“Eventually these patients have a very deflated look with a lot of extra skin and extra stretched out skin,” says Dr. Fernando Serra of Central Florida Plastic Surgery in The Villages. “This can happen all over the body, whether it’s a face and neck, breasts, arms, legs or tummy. So, ultimately, once the patient has successfully reached their goal weight after a massive weight loss, then they have a consultation with a plastic surgeon to address the excess skin issues on the areas that the patient desires improvement. Also, I think that after all that hard work, that is kind of like a reward, that the removal of all the extra skin will help someone look on the outside the way they feel on the inside.”

After her gastric bypass in 2004, Oxford resident Sue Sullivan lost 67 pounds, leaving her with a lot of excess skin. After her husband died in 2019, she decided she wanted to get in shape and remove that excess skin. In 2020, she had a chin lift to remove the “gobble” under her chin, and followed up with an arm lift in 2021. 

“The arms were always something that bothered me,” she says. 

Sullivan says the recovery was short and included using Biocorneum Advanced Scar Treatment cream to reduce scarring. Regarding both the gastric bypass and the follow-up surgeries she had, Sullivan says she is happy with the results.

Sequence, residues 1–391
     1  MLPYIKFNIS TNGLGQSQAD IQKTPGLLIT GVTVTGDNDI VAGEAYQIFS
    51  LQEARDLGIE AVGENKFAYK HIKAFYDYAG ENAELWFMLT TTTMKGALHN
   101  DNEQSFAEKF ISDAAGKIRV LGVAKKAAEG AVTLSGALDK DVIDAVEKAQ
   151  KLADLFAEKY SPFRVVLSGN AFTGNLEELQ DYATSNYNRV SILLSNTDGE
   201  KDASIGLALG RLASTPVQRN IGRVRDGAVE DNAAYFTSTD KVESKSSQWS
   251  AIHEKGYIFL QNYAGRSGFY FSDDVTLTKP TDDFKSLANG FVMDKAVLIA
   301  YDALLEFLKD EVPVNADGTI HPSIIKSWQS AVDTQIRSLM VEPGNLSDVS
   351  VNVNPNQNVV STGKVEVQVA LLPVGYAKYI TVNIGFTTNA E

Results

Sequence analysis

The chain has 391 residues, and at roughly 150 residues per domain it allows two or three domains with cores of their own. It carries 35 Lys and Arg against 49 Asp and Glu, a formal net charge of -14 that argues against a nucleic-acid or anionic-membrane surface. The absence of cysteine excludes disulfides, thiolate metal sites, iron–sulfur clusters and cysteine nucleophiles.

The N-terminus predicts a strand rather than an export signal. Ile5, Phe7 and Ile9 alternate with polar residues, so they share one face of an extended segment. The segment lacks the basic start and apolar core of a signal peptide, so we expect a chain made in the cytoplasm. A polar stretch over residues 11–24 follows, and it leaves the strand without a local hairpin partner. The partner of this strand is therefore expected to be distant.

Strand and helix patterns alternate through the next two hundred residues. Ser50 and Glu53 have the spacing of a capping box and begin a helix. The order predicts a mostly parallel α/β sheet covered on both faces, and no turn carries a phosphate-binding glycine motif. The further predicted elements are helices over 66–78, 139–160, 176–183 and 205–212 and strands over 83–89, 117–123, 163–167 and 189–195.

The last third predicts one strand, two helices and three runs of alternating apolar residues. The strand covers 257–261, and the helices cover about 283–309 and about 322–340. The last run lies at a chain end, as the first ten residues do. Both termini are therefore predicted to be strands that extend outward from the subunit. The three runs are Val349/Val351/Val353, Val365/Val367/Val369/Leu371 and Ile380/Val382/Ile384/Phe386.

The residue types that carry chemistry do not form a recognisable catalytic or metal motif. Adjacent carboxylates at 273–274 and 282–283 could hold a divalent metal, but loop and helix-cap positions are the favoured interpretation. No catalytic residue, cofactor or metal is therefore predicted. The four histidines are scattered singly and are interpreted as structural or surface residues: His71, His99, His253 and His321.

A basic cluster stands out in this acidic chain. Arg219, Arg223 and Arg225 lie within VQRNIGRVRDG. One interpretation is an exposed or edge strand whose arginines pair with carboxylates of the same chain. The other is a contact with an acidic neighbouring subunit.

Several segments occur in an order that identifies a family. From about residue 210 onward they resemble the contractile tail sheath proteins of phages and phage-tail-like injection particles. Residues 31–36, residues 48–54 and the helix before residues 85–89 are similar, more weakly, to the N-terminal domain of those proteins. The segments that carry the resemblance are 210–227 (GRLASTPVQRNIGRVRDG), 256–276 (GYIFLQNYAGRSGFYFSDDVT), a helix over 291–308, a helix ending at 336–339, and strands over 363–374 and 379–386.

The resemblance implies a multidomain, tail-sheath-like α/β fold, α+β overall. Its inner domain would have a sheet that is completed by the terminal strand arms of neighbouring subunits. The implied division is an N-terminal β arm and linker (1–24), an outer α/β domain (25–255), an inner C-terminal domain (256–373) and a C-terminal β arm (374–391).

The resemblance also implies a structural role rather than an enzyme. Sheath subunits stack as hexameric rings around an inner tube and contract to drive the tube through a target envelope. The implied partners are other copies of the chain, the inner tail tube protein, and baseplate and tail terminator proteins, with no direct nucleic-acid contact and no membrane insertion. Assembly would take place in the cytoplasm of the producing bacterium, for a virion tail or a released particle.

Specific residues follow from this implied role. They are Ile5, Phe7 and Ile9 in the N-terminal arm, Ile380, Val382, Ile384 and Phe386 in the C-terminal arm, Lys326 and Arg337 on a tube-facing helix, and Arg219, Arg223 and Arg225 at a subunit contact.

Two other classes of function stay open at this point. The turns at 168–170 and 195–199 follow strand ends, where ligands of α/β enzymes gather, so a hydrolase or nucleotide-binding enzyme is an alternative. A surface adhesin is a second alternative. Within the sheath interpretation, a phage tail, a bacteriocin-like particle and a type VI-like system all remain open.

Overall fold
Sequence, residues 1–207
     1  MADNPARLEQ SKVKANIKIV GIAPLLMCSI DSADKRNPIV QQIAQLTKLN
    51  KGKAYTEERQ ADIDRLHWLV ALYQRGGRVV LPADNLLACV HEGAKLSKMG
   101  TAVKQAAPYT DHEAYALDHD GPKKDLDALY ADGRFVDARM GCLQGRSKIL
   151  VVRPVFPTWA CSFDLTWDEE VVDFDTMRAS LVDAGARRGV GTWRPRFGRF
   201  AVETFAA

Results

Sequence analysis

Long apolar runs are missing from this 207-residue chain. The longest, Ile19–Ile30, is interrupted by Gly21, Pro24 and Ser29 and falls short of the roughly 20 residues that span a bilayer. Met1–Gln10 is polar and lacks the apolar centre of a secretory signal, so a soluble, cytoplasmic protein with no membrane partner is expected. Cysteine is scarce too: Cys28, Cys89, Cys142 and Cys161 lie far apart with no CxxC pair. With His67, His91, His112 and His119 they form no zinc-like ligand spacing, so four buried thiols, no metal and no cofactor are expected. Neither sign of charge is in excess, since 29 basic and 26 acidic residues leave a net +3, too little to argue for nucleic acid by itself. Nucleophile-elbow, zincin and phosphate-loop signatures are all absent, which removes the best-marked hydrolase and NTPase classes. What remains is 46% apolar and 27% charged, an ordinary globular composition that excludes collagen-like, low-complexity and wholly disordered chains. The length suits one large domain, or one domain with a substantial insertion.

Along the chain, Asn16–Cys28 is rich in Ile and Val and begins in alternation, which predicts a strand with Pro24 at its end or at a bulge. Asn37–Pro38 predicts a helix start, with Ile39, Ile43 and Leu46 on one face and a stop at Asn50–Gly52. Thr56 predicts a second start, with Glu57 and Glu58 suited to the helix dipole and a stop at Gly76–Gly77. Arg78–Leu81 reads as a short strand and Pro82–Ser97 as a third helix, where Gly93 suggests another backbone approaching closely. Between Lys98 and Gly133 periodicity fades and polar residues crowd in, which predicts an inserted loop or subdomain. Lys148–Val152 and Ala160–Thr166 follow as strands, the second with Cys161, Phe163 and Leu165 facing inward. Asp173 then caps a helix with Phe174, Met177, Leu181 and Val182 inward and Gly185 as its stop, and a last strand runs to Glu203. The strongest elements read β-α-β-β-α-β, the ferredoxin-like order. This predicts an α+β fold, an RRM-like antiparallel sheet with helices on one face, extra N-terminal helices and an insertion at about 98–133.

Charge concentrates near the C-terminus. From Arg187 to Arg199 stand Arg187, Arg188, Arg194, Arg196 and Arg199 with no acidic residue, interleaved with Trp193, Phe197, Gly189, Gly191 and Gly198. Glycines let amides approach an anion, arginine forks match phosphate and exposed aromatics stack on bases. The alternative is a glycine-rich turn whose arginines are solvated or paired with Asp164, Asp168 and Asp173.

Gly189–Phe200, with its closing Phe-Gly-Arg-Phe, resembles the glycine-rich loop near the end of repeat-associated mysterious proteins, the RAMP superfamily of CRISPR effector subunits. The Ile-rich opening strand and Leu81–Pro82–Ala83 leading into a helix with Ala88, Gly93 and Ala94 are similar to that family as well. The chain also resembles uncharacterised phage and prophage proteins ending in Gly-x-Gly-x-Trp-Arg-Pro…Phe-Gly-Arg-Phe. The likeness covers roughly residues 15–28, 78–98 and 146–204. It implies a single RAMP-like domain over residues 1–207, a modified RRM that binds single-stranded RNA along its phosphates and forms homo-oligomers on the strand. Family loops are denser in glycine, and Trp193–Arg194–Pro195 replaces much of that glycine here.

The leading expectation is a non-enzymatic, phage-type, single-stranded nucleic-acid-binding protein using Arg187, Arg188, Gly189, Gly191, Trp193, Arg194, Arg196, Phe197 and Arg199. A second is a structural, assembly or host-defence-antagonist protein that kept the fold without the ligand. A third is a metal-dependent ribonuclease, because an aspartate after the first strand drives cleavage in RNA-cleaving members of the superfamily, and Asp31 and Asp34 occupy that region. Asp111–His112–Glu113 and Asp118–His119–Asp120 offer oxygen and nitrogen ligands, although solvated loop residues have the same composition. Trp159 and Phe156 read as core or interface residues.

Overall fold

“It’s not a magic bullet,” she says. “You can still overeat and gain weight, you just can’t do it in one sitting. You still have to be careful, but it did help me when nothing else seemed to. It helped my self-esteem, and I’m healthier. I’m very glad I did it. I’ve never had anything bad happen because of it. I recommend it highly.” 

When considering follow-up surgery after weight loss surgery, Serra recommends taking some time after the weight loss surgery before undergoing any procedures. 

“We want to wait at least a year after the weight loss surgery so that their weight is stabilizing,” he says. “We also have to make sure that they’re on the proper nutrients and vitamins because, after weight loss surgery, sometimes they can be kind of malnourished and they have to take special supplements.” 

Once a person is ready for post-weight loss surgery, they should consult with a plastic surgeon regarding their options. In addition to working with a board-certified plastic surgeon with a good reputation, it’s important to find a surgeon that you connect with and makes you feel comfortable. Working with the right surgeon can lead to the results you want. It could be the finishing touch to your weight-loss journey.